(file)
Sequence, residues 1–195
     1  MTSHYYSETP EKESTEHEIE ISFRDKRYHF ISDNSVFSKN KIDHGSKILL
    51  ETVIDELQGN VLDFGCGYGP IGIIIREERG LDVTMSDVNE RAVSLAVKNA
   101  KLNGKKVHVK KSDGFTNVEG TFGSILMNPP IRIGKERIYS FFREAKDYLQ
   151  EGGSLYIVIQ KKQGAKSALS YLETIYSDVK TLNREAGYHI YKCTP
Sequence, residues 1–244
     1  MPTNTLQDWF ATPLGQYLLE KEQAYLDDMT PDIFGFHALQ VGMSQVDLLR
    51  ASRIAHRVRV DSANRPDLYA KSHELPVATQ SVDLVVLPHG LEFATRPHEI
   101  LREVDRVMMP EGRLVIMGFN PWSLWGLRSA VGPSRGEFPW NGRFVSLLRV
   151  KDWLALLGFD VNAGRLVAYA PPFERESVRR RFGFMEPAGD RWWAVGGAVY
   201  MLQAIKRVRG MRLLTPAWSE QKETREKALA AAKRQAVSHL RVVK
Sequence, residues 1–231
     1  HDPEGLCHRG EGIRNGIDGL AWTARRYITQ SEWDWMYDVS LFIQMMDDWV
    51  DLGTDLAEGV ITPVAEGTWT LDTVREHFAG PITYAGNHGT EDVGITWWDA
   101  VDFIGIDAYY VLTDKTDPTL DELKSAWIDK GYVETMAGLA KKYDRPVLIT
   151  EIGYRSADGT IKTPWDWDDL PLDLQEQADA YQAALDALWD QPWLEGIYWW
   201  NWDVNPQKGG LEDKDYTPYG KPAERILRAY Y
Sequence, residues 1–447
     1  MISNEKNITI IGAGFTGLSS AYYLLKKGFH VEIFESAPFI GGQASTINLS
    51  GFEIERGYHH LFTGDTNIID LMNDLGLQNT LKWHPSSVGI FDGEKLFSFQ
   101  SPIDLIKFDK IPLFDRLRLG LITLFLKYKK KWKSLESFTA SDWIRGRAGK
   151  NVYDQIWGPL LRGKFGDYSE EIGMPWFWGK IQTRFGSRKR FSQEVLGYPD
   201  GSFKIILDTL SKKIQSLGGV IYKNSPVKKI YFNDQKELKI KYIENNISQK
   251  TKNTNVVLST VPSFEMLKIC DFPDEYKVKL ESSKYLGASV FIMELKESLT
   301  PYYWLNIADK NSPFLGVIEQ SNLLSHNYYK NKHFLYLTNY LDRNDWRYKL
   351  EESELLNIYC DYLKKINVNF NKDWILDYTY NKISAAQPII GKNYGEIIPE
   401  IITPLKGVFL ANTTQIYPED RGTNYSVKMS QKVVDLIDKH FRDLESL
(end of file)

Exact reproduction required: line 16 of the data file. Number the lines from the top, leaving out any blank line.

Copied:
   151  EIGYRSADGT IKTPWDWDDL PLDLQEQADA YQAALDALWD QPWLEGIYWW